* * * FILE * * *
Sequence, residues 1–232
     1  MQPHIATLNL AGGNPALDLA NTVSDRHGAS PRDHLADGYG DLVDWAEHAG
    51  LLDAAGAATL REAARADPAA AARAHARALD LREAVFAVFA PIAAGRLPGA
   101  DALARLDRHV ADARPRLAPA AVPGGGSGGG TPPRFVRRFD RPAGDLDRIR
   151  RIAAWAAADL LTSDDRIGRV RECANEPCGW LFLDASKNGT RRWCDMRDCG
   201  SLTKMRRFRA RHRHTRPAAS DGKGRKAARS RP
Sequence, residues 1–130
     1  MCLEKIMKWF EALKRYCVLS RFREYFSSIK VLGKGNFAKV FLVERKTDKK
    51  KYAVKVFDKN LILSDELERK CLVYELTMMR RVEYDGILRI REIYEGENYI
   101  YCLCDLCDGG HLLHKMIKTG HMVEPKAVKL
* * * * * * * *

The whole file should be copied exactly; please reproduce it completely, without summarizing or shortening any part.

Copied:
Sequence, residues 1–232
     1  MQPHIATLNL AGGNPALDLA NTVSDRHGAS PRDHLADGYG DLVDWAEHAG
    51  LLDAAGAATL REAARADPAA AARAHARALD LREAVFAVFA PIAAGRLPGA
   101  DALARLDRHV ADARPRLAPA AVPGGGSGGG TPPRFVRRFD RPAGDLDRIR
   151  RIAAWAAADL LTSDDRIGRV RECANEPCGW LFLDASKNGT RRWCDMRDCG
   201  SLTKMRRFRA RHRHTRPAAS DGKGRKAARS RP
Sequence, residues 1–130
     1  MCLEKIMKWF EALKRYCVLS RFREYFSSIK VLGKGNFAKV FLVERKTDKK
    51  KYAVKVFDKN LILSDELERK CLVYELTMMR RVEYDGILRI REIYEGENYI
   101  YCLCDLCDGG HLLHKMIKTG HMVEPKAVKL